As a final point, I don't think public performance covers the MUD. The public display and public performance sections of the Copyright Act explicitly list which kinds of works they cover, and I don't believe software is on that list. Any narrative or audiovisual content served by the MUD may be covered, but not the software itself or its interfaces. (Unethical companies make use of software patents on UI elements for those purposes.)
Seeing as I haven't chimed in with my two cents yet (despite starting the thread :lol:), if I were to find that any of the immortal staff on the MUD I "co-own", were selling selling ingame items & other stuff to players, they would be fired on the spot. No if's buts or maybes about it. :evil:
If players want to buy gear or what have you from another player, then I personally would have no problem with it; however I might laugh at them. Where I would draw the line though, is selling ones character, I don't much like that at all.
@Grimble: To be honest, I don't much about Diku Valhalla, I've played around with it as much as you have (judging from your post anyway), I suspect that the only ways to find out more would be getting in contact with the people listed on the site, or speaking to someone that runs Valhalla on the commercial license.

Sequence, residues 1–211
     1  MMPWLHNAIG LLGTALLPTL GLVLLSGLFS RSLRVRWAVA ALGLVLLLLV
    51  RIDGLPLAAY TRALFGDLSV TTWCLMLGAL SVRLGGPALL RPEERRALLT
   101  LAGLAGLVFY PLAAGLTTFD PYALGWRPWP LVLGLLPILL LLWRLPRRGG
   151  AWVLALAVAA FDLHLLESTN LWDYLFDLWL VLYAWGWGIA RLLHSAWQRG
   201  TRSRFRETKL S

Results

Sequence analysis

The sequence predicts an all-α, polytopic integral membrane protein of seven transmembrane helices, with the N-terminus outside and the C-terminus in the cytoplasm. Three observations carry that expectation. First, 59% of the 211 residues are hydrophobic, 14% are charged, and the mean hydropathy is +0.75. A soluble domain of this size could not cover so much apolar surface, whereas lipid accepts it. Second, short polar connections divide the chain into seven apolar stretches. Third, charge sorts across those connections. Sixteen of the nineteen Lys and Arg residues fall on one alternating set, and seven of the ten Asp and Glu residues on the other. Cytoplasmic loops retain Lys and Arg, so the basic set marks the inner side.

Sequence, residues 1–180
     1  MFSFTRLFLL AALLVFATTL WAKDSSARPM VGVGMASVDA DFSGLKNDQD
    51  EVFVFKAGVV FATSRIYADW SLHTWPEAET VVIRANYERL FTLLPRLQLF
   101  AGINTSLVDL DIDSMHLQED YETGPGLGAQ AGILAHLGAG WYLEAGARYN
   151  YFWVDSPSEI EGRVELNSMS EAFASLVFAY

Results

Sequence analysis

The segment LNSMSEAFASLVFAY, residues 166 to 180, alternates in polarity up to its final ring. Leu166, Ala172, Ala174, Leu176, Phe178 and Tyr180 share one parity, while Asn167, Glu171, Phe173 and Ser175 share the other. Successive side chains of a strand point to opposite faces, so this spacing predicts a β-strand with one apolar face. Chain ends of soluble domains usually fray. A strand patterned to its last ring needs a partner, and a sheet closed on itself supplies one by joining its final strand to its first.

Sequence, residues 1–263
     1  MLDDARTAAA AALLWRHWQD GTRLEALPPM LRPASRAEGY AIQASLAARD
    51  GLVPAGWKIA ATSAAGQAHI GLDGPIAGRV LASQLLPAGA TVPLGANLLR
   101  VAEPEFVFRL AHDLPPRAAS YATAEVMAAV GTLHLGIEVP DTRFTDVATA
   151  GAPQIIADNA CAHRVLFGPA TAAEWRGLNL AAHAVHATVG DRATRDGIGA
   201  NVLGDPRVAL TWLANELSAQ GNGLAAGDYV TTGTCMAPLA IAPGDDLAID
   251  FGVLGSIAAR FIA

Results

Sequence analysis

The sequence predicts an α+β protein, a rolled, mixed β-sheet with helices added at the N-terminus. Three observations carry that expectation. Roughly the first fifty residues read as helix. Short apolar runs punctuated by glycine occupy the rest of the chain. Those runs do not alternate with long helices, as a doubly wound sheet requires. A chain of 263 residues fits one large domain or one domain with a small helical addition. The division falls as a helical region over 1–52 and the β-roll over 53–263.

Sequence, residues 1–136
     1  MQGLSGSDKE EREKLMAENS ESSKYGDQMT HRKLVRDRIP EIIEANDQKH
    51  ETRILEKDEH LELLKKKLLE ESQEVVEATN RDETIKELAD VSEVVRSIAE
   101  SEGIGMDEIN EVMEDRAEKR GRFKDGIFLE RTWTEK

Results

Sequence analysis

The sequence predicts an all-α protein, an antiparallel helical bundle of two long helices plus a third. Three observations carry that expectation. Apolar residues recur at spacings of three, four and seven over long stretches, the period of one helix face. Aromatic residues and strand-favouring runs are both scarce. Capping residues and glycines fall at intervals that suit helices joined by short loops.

As a final point, I don't think public performance covers the MUD. The public display and public performance sections of the Copyright Act explicitly list which kinds of works they cover, and I don't believe software is on that list.
Computer programs are literary works, and are therefore protected by the rights for public display and performance.
07 Apr, 2009, quixadhal wrote in the 34th comment:
David Haley said:
Makes you sort of remember the days of COBOL, where programmers were called Authors.
They're not anymore? (I think it's silly to call programs "literary works" along the lines of novels etc., but it makes perfect sense to speak of "authors".)